Being an independent is all the rage right now. But it doesn't mean the two major parties are in trouble. Not by a long shot.
New data from Gallup released Wednesday show that 42 percent of Americans, on average, identified as political independents in 2013. It's the highest percentage Gallup has recorded since it started calling the public to gauge their opinions.
As the following chart shows, as independents gained steam during the last year, the percentage of the public identifying as Republicans declined to its lowest point in 25 years.
One way of reading it all is this: Republicans should be worried about supporters abandoning them. And with the rising power of independents, the prospect of a serious national third-party movement is very real.
But that would be a misread. Why? Let's start with a simple reality of independent voters: Most of them have partisan orientations.
While many Americans like to describe themselves as independent voters -- especially at a time when neither major party is particularly popular -- when push comes to shove, independents largely remain loyal to one side or the other.
A 2012 Washington Post-Kaiser Family Foundation poll showed that more than six in 10 (63 percent) independents behaved as "disguised" Democrats or Republicans; a quarter were "detached," and only 13 percent fit the mold of true "deliberators."
Our colleague John Sides over at The Monkey Cage blog has done some good work explaining this visually. Back in 2009, Sides took a look at the American National Election Study. The study showed a rise in independents akin to what we see in the new Gallup data.
When asked follow-up questions, most independents acknowledged leaning toward one party or the other. In fact, the percentage of pure independents -- those with no stated leanings -- was quite small. Like 10 percent small. Here's a chart from Sides illustrating this:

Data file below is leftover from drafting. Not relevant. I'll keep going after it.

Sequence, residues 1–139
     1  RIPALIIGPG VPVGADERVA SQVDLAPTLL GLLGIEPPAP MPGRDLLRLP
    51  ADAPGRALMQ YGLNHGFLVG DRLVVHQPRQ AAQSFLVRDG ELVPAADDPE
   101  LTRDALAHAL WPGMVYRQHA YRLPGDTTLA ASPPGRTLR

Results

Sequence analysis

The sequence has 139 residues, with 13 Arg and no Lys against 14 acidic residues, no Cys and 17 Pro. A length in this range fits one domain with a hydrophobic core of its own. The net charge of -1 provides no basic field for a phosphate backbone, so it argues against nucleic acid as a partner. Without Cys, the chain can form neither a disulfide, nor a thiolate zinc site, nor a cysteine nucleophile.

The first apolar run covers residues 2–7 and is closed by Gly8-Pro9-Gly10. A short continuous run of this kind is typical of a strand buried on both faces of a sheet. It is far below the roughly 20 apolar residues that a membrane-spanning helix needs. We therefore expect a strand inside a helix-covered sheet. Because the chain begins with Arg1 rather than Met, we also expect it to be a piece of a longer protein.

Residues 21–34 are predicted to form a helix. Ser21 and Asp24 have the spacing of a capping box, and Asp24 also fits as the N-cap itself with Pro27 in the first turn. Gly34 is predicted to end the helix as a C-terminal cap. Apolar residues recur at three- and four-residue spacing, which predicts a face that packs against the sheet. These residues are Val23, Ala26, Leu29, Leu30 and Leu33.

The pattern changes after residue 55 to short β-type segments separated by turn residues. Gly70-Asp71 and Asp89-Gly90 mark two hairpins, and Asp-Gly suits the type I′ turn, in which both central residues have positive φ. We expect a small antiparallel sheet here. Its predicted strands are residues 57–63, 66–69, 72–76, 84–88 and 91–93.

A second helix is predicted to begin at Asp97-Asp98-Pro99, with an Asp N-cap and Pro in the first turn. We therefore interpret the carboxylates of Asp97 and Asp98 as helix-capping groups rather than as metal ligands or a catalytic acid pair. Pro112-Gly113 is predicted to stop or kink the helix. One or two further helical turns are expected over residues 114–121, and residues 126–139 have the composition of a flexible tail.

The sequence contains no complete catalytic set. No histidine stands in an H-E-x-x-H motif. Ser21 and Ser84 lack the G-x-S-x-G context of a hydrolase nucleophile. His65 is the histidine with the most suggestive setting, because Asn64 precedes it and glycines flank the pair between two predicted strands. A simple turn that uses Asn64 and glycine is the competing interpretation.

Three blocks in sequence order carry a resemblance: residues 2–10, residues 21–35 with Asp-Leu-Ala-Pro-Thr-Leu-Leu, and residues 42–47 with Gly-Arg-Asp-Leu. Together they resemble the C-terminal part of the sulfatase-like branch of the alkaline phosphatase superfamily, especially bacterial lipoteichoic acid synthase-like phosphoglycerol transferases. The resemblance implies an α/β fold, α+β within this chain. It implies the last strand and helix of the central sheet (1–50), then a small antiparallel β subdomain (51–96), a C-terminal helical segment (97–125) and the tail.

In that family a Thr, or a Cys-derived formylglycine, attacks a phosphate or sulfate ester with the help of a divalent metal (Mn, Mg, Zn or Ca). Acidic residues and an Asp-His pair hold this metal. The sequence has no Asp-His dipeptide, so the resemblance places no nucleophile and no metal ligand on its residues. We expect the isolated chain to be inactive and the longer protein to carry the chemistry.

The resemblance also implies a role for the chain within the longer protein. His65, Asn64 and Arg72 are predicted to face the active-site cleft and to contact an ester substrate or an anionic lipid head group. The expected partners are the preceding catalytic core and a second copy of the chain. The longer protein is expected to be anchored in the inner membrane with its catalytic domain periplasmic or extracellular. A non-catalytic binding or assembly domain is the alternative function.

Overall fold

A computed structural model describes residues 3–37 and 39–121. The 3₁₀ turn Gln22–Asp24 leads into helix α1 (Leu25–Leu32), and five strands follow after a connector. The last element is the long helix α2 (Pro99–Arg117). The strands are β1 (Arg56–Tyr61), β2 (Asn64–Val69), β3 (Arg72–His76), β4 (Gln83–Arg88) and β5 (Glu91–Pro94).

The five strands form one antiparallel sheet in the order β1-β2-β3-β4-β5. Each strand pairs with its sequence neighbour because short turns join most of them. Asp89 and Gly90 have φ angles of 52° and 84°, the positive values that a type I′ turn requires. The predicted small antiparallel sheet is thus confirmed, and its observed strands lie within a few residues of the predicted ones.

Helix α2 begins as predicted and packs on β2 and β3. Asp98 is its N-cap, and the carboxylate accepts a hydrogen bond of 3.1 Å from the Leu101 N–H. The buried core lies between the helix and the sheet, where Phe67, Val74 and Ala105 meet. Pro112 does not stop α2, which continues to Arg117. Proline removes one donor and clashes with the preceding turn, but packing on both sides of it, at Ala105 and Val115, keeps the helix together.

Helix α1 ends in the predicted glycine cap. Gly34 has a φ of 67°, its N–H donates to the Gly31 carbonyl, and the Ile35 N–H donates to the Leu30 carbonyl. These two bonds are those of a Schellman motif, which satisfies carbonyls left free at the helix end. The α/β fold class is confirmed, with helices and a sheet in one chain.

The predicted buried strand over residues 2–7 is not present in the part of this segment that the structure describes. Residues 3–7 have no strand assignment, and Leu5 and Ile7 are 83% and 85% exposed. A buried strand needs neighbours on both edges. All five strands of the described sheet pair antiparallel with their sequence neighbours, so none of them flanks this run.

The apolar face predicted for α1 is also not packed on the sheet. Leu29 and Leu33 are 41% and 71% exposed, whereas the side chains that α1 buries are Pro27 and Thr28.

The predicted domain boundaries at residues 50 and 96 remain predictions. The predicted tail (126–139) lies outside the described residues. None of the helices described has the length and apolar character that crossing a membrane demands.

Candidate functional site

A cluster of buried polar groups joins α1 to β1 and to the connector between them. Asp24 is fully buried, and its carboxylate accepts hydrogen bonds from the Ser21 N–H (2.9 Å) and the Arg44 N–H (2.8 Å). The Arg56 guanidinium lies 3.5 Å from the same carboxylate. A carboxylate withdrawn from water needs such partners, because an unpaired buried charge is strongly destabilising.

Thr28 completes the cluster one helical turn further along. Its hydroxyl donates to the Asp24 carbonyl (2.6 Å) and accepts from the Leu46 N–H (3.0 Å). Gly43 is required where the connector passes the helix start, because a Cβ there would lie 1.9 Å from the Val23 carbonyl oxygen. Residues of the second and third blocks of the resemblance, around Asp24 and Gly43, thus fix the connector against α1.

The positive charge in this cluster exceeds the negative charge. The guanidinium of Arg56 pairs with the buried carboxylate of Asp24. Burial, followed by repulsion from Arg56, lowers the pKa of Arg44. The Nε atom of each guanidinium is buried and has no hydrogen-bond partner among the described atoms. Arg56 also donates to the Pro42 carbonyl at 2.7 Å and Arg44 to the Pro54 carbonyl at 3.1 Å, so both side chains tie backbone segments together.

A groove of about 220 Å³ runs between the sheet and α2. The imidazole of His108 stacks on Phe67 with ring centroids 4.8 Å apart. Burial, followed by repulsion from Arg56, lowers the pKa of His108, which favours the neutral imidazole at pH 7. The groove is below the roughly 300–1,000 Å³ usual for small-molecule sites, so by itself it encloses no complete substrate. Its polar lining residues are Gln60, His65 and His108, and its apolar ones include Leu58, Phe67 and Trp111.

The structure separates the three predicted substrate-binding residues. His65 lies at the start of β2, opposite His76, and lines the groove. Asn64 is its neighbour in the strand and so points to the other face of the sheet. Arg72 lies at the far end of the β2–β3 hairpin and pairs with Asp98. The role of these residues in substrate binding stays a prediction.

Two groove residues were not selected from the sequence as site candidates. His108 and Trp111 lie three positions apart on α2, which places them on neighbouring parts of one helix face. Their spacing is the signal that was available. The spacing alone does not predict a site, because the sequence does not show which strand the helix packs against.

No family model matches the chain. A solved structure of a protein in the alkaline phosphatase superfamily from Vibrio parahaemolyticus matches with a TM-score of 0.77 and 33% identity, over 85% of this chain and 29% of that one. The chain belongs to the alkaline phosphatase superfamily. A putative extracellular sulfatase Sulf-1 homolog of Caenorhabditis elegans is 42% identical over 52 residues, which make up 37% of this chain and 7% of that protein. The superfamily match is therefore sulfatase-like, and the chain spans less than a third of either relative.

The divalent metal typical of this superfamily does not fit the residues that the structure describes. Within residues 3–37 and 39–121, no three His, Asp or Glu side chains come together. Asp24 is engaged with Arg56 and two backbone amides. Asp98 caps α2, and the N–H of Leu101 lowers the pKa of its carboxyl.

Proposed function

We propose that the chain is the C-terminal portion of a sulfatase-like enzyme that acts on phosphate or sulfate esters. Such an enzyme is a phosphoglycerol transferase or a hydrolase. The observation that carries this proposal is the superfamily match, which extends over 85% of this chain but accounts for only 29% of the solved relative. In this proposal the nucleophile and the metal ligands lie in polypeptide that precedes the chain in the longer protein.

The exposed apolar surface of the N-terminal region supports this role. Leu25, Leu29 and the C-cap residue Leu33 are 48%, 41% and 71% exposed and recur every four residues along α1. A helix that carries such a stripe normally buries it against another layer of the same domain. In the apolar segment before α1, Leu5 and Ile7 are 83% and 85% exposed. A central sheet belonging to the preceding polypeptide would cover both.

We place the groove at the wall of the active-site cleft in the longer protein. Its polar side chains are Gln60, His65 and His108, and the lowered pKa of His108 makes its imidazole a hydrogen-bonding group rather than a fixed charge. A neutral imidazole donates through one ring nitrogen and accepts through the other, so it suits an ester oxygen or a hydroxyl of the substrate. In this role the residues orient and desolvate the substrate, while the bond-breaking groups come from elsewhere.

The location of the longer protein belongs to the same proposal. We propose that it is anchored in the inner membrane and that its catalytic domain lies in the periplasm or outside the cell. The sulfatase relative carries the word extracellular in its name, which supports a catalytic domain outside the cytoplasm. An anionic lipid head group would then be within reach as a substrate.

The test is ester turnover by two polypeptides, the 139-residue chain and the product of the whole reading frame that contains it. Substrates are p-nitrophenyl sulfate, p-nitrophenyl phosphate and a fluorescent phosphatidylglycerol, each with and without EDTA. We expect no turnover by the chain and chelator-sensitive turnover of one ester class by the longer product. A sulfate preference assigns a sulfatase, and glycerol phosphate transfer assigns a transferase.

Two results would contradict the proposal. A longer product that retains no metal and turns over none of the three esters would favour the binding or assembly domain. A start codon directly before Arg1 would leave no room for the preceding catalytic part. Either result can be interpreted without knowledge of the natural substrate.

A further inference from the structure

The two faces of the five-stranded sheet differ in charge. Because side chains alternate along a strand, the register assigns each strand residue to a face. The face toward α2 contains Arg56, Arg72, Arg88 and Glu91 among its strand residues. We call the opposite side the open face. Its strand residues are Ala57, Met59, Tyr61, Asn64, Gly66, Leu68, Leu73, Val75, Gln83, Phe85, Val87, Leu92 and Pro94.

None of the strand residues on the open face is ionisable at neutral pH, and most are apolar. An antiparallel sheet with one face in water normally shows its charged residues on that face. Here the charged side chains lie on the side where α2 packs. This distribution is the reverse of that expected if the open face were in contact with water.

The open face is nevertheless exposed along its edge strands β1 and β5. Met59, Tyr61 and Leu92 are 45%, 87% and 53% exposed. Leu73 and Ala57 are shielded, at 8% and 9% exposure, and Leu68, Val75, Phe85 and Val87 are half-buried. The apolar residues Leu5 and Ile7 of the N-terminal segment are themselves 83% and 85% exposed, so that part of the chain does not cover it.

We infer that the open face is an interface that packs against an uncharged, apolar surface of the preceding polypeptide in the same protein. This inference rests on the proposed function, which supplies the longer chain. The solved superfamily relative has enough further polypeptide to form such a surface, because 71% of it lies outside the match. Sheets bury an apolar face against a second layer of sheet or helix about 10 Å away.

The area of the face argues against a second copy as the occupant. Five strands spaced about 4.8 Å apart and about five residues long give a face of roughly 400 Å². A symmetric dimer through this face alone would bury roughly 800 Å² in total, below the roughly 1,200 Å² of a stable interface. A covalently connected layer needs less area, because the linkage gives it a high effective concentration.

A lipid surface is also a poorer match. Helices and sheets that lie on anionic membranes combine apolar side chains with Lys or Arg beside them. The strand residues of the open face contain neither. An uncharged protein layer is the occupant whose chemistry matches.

Partisan leanings are very influential when voters choose which candidates to support. In the final Washington Post-ABC News 2012 pre-election poll (President Obama led Mitt Romney 50 percent to 47 percent), Obama won 84 percent of independents who lean Democratic and Romney won 89 percent of Republican-leaning independents. That level of loyalty was only 5-6 percentage points lower than among actual partisans.
So the idea that a genuine third-party movement spurred by frustration with the two major parties is going to take shape simply isn't reflected by the numbers. And for proof of the difficulty those advocating such a movement would face, look at Americans Elect's robust but ultimately failed effort to draft a third-party White House contender in 2012.
What about the question of what the growth of of independents means for Republicans, whose ranks are dwindling, as the Gallup data show? It's bad news, right?
The reality is that Republicans have performed well among independents when the stakes have been high. But it hasn't been enough -- suggesting that their problem is not with independents but with something else (more on that below).
Just ask 2013 Virginia gubernatorial nominee Ken Cuccinelli II (R), who won independents but lost the election. Or Romney in 2012, who carried independents or those identifying as something other than a Democrat or a Republican by five points over Obama. And we know how that story ended.
What both Cuccinelli and Romney also have in common is their poor performance among moderates -- a group of voters which often gets confused with independents. Romney lost moderates by 15 points; Cuccinelli lost them by more than 18.
In short, today's GOP has a problems with moderates, not independents.
And at the end of the day, independent voters are, well, not all that independent. So don't count on the headquarters of the Democratic or Republican national committees shutting down any time soon.
Scott Clement contributed to this story.